Within the send method, the created transporter sends any email with the composed mailOptions. If you don’t specify a callback as the second argument for Nodemailer’s sendMail function, it returns a promise. You can see that there’s only a catch block to handle the error situation. For now, it’s ok to leave the control flow as is. You’ll get back to that in a later tutorial.

Before sending any email, you need a template. This is the next step, preparing the welcome email’s template.

Prepare the “Welcome” Email Template

The template is an important piece in your email puzzle. You want it to look nicely designed with good copy text and at the same time not being too marketing like. Also, there’s a wide variety of email clients you want to support so that your email displays on every app and display size.

The great news: you don’t have to create a template from scratch. Postmark supports you with nine templates for different occasions. Mailgun has three action templates, tested in popular email clients. All templates are responsive, well tested, and work fine on mobile and desktop.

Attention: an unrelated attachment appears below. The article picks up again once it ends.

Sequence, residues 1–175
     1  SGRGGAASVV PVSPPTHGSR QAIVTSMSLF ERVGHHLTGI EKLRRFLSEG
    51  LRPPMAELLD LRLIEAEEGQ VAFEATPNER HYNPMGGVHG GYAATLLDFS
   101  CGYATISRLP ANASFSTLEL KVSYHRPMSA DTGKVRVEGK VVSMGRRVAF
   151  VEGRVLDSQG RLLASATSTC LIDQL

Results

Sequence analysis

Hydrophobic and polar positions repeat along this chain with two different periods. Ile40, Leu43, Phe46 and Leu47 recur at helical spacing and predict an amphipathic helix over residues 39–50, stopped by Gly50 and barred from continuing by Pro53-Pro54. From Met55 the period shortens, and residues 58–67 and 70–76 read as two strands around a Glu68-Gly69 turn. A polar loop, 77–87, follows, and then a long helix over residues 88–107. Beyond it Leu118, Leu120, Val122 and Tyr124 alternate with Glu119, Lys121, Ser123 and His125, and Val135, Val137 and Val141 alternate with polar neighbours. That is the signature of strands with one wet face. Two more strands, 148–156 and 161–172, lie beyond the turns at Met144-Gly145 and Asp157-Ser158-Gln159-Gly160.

We suggest to take the templates with inlined styles, because they have better support in email clients.

Create the Email Template

For the welcome email, we take Postmark’s welcome HTML template and customize the content. This welcome.html template is already part of the Futureflix starter kit. Find it in server/email-templates. Because it’s an HTML file, you can open it in the browser to get a grasp on the styling.

Refine the Email Template’s Content

If you want to adjust the template’s content, wording and styling: please go ahead 😉 Customize the template to your wishes.

Keep in mind that Google might put your email into Gmail’s promotions tab if it contains images. The provided template doesn’t have any image and should go straight into Gmail’s main tab. The promotions tab in Gmail has a negative impact on the open rates. Try your best to not land there.